WASHINGTON -- Hours after Hurricane Katrina hit last year, former FEMA director Michael Brown dismissed reports that floodwaters had breached New Orleans' levees, and he obsessed over media coverage of his agency, according to newly released e-mails.
The 928 pages of documents, obtained by the Center for Public Integrity and released Tuesday, paint a picture of a Federal Emergency Management Agency keenly sensitive to public image following the Aug. 29 storm.
They also highlighted anew the confusion about the levees' status in the critical hours after the storm. Critics have questioned whether discovering breaches earlier could have speeded repair efforts, lessened flooding, and saved lives.
At one point that morning, Brown reported to an aide that he was ''sitting in the chair, putting mousse in my hair" while waiting for media interviews to begin.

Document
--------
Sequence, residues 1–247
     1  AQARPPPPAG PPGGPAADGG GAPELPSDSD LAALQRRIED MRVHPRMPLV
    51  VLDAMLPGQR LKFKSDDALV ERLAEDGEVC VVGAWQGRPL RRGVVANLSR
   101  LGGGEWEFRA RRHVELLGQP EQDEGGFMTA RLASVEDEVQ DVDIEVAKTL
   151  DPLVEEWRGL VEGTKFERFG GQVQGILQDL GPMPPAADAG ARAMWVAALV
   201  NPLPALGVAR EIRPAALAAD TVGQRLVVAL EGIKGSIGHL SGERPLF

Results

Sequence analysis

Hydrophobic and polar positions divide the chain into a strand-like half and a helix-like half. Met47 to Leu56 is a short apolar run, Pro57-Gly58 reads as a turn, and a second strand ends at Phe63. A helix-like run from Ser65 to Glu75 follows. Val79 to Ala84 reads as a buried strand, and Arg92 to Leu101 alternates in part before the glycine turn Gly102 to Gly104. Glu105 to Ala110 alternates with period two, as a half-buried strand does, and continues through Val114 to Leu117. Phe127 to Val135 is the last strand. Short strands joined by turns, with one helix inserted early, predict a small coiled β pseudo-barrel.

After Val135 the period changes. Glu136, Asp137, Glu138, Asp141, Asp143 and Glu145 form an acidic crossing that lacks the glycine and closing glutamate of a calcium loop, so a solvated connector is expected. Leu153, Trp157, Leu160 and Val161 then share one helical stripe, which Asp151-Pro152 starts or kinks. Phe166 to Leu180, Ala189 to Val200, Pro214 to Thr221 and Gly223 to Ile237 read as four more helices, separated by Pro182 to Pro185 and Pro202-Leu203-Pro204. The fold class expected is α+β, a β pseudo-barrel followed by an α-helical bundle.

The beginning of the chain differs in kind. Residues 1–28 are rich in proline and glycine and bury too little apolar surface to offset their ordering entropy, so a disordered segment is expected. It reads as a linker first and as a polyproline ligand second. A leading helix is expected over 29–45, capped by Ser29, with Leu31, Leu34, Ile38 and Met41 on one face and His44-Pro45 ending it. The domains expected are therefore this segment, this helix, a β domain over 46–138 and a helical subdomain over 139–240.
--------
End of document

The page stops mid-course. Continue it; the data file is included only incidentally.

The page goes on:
In an e-mail yesterday to The Associated Press, Brown said he does not use mousse and described the exchange as an inside joke among FEMA staff members. ''I don't use mousse," he wrote. ''Never have, never will. Anyone who knows me can attest to that. So, it was clearly a joke."
A few hours later, at 9:50 a.m., a FEMA staff member at the National Hurricane Center sent department brass an alert from a local TV station report that ''a levee breach occurred along the industrial canal" near the city's low-income Ninth Ward.
But at 12:09 p.m., Brown dismissed the report and suggested that the situation wasn't so bad. ''I'm being told here water over not a breach," he said, referring to floodwaters that had overrun, but not broken, the levees.
The aide, Michael Lowder, replied: ''Ok. You probably have better info there. Just wanted to pass you what we hear."
Since quitting FEMA on Sept. 12, Brown has criticized the Bush administration for failing to respond quickly to reports about levee breaches. He has said he was convinced of a levee breach by 1 p.m. the day Katrina hit.
The timing of the levees' breach has been a key issue in exhaustive reviews of the government's failure to respond quickly to Katrina.
Many of the e-mails obtained by the Center for Public Integrity were previously released by congressional panels investigating the government's response to Katrina. But several documents offered fresh details of missteps by the beleaguered agency.